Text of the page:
TOGAF Enterprise Continuum
Bernd Ihnen

Using ArchiMate to Visualize the TOGAF Enterprise Continuum

Previously, I have written about the use of a modeling language and the practical usage of the TOGAF Enterprise Continuum to classify architectural descriptions along different levels of abstraction. In this blog, I’m going to demonstrate how the content of these descriptions can be visualized with a standard notation. While TOGAF 9.1 provides the standard architecture development method (ADM), ArchiMate is the worldwide standard to model and visualize the content of enterprise architectures. Both are a public standard of The Open Group.

For this article, I’m going to show how the ArchiMate 3.0 specification supports you in modeling different levels of abstractions at Section 3.6, which I will map to the TOGAF Enterprise Continuum.

You have seen the distinction between Architecture Building Blocks (ABB), Solution Building Blocks (SBB) and Deployed Solutions. This distinction is similar to the distinction of logical (ABB) and physical applications (SBB) that are defined in the TOGAF Content Model. “At the Enterprise Architecture abstraction level, it is more common to model types and/or exemplars rather than instances” (ArchiMate 3.0, 3.6). For that reason, I’m going to focus on the ABBs and SBBs and how to represent them.

The ArchiMate 3.0 specification provides three approaches to distinguish these concepts, which I’ll present based on the application layer and my experience with each.

First approach – New architectures

At the right of the picture above, you see the physical application component, or SBB, modeled as an application component that is assigned to the logical application component, or ABB, modeled as an application function. I like this approach to using the behavior column of the ArchiMate framework, as it includes the functions (rounded rectangles) that describe the logical architecture/ABBs, which are as a separated aspect next to the solutions. Different symbols indicate different meanings, making it easy to decipher.

This approach is well-suited to developing new project or program architectures. It starts with the definition of requirements and desired behavior of the future solution, and then assigns the SBB/physical application.

This approach can also be extended by adding application services that reflect requirements from an architecture context and can be understood as a conceptual layer. In that case, the application function(s) realize the application service(s) and can also be grouped to a logical application component by using a composition relation (as shown in the next picture). This pattern is useful to describe different levels of granularity, but the need for details might differ from project to project. You should include this consideration to avoid modeling overload for smaller scopes. The application of this approach can also be seen in the book by Bas van Gils and Sven: “ArchiMate – From Theory to Practice,” pg. 71.

 Second approach – An additional layer

The second approach models the logical application component as an application component, realized by the physical application components, which are modeled as artifact (green element to the right). This approach holds the application layer reserved for the logical layer and the technology layer for the physical one. I am not a big fan of this approach, since I usually see applications modeled as application components and a lot of the ArchiMate examples on the web do the same.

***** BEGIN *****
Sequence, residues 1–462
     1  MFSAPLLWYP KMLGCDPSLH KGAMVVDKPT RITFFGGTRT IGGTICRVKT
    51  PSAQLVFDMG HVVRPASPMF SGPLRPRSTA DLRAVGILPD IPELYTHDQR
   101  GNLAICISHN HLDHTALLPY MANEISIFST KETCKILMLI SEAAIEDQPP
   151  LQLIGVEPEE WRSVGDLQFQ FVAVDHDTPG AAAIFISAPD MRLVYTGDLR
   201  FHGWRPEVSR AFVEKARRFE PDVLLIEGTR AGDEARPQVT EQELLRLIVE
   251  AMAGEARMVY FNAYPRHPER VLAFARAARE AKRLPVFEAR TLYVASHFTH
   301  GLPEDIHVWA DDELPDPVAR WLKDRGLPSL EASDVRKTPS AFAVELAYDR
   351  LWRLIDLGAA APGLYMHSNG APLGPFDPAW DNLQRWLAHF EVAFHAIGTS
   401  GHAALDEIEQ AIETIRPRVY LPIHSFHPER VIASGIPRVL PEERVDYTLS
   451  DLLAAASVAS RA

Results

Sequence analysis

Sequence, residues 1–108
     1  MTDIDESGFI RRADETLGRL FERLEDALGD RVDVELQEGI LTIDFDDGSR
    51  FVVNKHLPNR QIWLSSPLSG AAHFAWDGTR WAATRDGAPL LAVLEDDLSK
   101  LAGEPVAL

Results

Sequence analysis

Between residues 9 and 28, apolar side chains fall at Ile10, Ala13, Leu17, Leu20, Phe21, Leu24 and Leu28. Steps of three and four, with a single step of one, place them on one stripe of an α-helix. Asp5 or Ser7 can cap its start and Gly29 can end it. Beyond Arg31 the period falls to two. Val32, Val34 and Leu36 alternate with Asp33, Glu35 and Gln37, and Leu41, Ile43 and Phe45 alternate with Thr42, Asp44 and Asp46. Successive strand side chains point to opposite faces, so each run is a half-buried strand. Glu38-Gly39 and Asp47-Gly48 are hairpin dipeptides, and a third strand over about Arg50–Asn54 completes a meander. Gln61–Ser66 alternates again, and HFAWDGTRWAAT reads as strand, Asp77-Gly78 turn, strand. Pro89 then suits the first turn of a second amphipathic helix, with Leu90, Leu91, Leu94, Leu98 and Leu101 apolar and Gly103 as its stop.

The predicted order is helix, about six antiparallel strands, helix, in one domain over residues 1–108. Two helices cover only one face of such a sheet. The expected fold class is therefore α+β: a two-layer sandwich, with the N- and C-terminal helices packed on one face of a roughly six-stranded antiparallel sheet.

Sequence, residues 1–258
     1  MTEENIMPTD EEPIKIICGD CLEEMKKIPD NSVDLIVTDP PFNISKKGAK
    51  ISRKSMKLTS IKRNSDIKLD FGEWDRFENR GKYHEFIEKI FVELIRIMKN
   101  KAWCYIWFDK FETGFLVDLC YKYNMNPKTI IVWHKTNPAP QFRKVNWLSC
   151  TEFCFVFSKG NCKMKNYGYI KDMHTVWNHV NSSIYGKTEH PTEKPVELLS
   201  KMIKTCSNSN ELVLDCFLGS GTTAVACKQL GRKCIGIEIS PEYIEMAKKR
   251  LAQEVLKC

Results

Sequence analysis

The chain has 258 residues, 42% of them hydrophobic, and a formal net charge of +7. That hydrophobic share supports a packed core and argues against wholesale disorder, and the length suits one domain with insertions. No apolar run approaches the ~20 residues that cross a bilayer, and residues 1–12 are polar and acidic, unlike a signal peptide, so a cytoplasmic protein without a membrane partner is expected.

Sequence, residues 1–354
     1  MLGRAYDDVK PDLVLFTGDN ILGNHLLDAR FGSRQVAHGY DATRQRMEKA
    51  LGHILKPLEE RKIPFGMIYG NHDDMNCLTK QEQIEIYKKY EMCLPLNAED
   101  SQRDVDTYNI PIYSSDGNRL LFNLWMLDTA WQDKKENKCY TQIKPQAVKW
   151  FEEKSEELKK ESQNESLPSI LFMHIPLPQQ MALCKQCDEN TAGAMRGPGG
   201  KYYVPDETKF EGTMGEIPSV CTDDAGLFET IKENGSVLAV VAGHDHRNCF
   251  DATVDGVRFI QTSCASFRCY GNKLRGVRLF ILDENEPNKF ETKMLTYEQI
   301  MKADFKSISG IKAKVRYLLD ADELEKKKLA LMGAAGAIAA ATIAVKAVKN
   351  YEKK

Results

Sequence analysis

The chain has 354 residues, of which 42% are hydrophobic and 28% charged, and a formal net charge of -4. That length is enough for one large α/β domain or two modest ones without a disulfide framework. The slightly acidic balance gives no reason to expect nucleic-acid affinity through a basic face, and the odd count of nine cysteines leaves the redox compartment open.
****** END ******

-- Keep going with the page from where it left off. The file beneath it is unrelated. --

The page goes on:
On top of that, architects often have the need to model and analyze the environment of a specific application and its components being supported by technologies. This is not that convenient when using artifacts. Using the ArchiMate artifact concept usually refers to .exe, .jar or other files. So, this approach works best with the two other approaches listed in this blog when you want to show which files realize the application components that are described (and where they shall be deployed).

Third approach – Separate models


The third approach models logical and physical applications as application components, which can then be understood as two specializations of the ArchiMate application component. This approach is used in the reference model of IT4IT from the Open Group, and next to the first approach above the most often seen approach (personal perception). This is useful when you want to create complete different ArchiMate models for logical/ABB architecture and physical/SBB architecture.

Think of creating a reference architecture where you don´t show all the different business applications with their names, but rather one single element that represents some or all of them under the umbrella of “business applications.” It is also suited for documentation purposes to avoid bringing too many different new concepts into the picture. Using this approach, the whole ArchiMate layer with all concepts can be used in both levels of abstractions (ABB and SBB).

What is left?

Now you have seen three approaches the ArchiMate framework offers to describe your architectures, according to the TOGAF Enterprise Continuum of Architecture and Solution Building Blocks with a standard notation. Since it is a framework, you should make sure to use what is useful for you. In the final blog of this series, I will complete the mapping of ArchiMate to the TOGAF Enterprise Continuum by connecting the first of the three approaches to the Deployed Solutions.

— Learn more about the ArchiMate standard, or if you want to get trained, please visit our Academy, where you will find trainings for TOGAF, ArchiMate and more.

Subscribe to our Blog

0 replies

Leave a Reply

Want to join the discussion?
Feel free to contribute!

Leave a Reply

Your email address will not be published. Required fields are marked *

four + eleven =